The by-election in North Abaco is a reason for the PLP to celebrate, in partisan terms, but it is not a reason for the Bahamas to celebrate. The results suggest that our democratic process fuels an ochlocratic machine; our democracy is broken.
Indeed, North Abaco has, for decades, voted for a representative, Hubert Ingraham, first as a PLP, then as an independent, then as an FNM. Many claim that in our system voters are supposed to do exactly that. However, with most candidates being members of a party, they will, regardless of their personal convictions, tow party line once in parliament. Therefore, voting for a personality that is weaker than party pressure makes precious little sense.
For a long time now, North Abaco has then been an FNM constituency, most recently on 7th May, 2012, when the FNM lost the general elections. Hubert Ingraham, then leader of the FNM, offered himself as a candidate for the House of Assembly in the North Abaco constituency. However, instead of taking the obligation seriously to represent that constituency for five years to come when he successfully defended that seat, resigned as a result of his party losing the election nationally. This could be a reason for voters in North Abaco to be disappointed in the FNM; it should be a reason for voters in North Abaco to be disappointed in Hubert Ingraham.
Nonetheless, North Abaco went into this by-election with local conditions that had changed precious little since 7th May. Nationally, the PLP has been in power for just over five months, and Christie’s administration, on their one-hundred day mark, had earned an F from Bahamian voters. Given this tangible frustration amongst Bahamians, an election victory for the Progressive Liberal Party is cause for surprise.
However, as observed before, North Abaco has been loyal to a man regardless of his party affiliation for a long time, so maybe this by-election requires us to indeed look at the candidates rather than just their parties. Renardo Curry had been rejected on 7th May, and is otherwise a remarkably unremarkable candidate. On the other hand, Greg Gomez is a remarkable candidate, but in what sense?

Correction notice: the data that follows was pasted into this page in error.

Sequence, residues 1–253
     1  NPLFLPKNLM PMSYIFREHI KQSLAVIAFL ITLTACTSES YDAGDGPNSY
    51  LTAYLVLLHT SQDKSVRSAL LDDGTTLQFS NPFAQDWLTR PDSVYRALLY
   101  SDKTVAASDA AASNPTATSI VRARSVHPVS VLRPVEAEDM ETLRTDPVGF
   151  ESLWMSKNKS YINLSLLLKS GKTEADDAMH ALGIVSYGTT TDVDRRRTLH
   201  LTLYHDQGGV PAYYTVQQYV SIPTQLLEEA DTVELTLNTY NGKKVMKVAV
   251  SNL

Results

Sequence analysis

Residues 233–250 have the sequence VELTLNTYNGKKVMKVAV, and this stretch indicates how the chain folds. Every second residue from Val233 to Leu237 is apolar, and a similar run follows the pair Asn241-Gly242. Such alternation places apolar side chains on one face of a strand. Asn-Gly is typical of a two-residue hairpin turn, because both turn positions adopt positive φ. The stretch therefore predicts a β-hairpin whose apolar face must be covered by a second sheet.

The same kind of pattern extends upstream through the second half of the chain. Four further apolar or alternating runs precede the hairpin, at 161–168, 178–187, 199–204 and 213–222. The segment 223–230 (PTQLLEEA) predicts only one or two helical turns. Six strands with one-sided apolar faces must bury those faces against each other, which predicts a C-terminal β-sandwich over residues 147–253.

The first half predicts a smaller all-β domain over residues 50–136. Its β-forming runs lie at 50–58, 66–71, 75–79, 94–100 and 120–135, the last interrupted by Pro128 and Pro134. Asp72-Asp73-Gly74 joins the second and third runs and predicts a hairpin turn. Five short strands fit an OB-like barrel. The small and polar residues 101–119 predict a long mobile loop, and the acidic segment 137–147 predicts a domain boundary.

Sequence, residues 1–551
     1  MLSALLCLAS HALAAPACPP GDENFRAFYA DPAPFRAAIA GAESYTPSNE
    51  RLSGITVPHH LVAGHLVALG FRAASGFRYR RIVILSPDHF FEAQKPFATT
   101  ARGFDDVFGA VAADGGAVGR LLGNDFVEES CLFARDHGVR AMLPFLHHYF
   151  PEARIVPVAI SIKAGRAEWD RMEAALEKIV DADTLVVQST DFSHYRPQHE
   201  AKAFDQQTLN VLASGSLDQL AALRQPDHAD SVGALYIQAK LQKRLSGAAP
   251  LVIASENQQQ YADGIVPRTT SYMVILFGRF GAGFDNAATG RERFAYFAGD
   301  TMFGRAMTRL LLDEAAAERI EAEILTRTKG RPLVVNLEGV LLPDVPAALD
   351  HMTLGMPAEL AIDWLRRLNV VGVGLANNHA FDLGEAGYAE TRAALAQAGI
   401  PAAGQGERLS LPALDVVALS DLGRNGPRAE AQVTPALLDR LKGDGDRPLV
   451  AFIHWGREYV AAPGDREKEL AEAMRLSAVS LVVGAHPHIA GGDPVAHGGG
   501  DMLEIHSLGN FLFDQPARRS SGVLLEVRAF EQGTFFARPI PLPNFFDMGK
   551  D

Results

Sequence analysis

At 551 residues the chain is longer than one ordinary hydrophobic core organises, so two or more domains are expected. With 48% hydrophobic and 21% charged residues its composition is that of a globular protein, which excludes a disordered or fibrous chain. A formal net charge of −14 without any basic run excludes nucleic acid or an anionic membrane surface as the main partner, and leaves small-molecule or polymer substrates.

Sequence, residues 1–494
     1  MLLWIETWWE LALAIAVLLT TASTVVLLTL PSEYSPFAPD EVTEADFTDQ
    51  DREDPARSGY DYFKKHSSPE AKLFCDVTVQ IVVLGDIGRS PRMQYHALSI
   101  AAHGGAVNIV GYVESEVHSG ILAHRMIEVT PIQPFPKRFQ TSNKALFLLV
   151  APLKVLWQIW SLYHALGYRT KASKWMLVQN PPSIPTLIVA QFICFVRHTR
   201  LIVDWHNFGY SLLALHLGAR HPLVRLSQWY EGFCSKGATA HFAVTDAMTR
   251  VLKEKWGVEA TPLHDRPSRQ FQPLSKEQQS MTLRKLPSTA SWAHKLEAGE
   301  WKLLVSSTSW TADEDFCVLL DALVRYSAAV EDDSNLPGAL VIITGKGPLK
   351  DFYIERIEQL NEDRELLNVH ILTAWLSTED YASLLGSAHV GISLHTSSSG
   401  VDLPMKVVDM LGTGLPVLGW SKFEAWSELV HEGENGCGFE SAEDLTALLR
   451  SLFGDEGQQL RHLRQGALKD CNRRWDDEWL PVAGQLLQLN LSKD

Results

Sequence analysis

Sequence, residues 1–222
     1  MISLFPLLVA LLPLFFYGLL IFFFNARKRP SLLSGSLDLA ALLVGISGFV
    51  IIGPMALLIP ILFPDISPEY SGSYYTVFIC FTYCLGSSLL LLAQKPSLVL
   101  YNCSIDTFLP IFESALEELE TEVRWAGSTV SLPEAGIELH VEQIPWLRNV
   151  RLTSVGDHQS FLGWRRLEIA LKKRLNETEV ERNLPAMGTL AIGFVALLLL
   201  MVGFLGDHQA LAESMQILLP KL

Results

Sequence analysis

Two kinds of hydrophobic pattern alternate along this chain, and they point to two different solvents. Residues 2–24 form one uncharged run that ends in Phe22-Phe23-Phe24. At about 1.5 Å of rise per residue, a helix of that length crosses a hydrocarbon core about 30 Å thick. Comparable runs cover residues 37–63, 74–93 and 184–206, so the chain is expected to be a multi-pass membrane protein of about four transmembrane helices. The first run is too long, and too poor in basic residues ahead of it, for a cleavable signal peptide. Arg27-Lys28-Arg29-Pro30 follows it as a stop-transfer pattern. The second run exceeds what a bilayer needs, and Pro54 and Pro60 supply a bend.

Greg Gomez, rumour has it, was handpicked by his predecessor, Hubert “Papa” Ingraham, to the point where Ingraham delayed his resignation so that Gomez would become eligible, under the constitution, to run. Some observers have speculated that Ingraham’s choice was not motivated by what was best for the party, but by what might add to his legacy to the FNM. Like in 2002, when Ingraham sent Tommy Turnquest into the race, he now proved to the nation that the party cannot win an election without him.
Even in the tame media landscape of the Bahamas, Gomez could not stand his own ground in an interview. And it was not even difficult policy issues where Gomez could not give convincing answers; he could not remember his on curriculum vitae. When he finally memorised it, in time for the next rally, he stood awkwardly at the podium, reciting it while referring to himself in the third person. No, Greg Gomez was not a viable candidate.
Unfortunately though, the PLP did not focus its campaign on the unsuitability of the opposition’s candidate, nor did they focus it on policy issues. They openly advertised a spoils system, and brought the carrot and the stick to North Abaco. In a rather Machiavellian move, the Prime Minister called a full cabinet meeting in Abaco, when the seat of government is Nassau. Now, in an archipelagic nation, there may in fact be some justification to have cabinet meetings on a variety of islands. However, to have the first such one on the island where a by-election campaign is underway, with no other such meeting on any other island being in sight, reeks of “carrot.”
Then, of course, there was the “stick,” when Christie openly threatened North Abaco with victimisation in the form of stagnation should they return an FNM member to the House of Assembly. Yes, Ingraham, too, tried to play a similar card in the Elizabeth by-election in 2010, but two wrongs have never made a right. Elizabeth was a close call, and the PLP won a seat formerly held by the PLP; Ingraham’s statement most likely had some impact. The PLP, whose performance since 7th May has been met with little enthusiasm, turned an FNM seat in this by-election, and many Bahamians, for the next five years, will suspect that the Hon. Renardo Curry owes his seat in parliament in part to those not-so-subtle threats uttered by the Prime Minister.
North Abaco By-Election Results, 15th October, 2012
Renardo Curry, PLP: 2,367 votes
Greg Gomez, FNM: 1,513 votes
S. Ali McIntosh, BCP: 7 votes
Registered Voters: 4,517
Ballots Cast: 3,887
Voter Turnout: 86.05%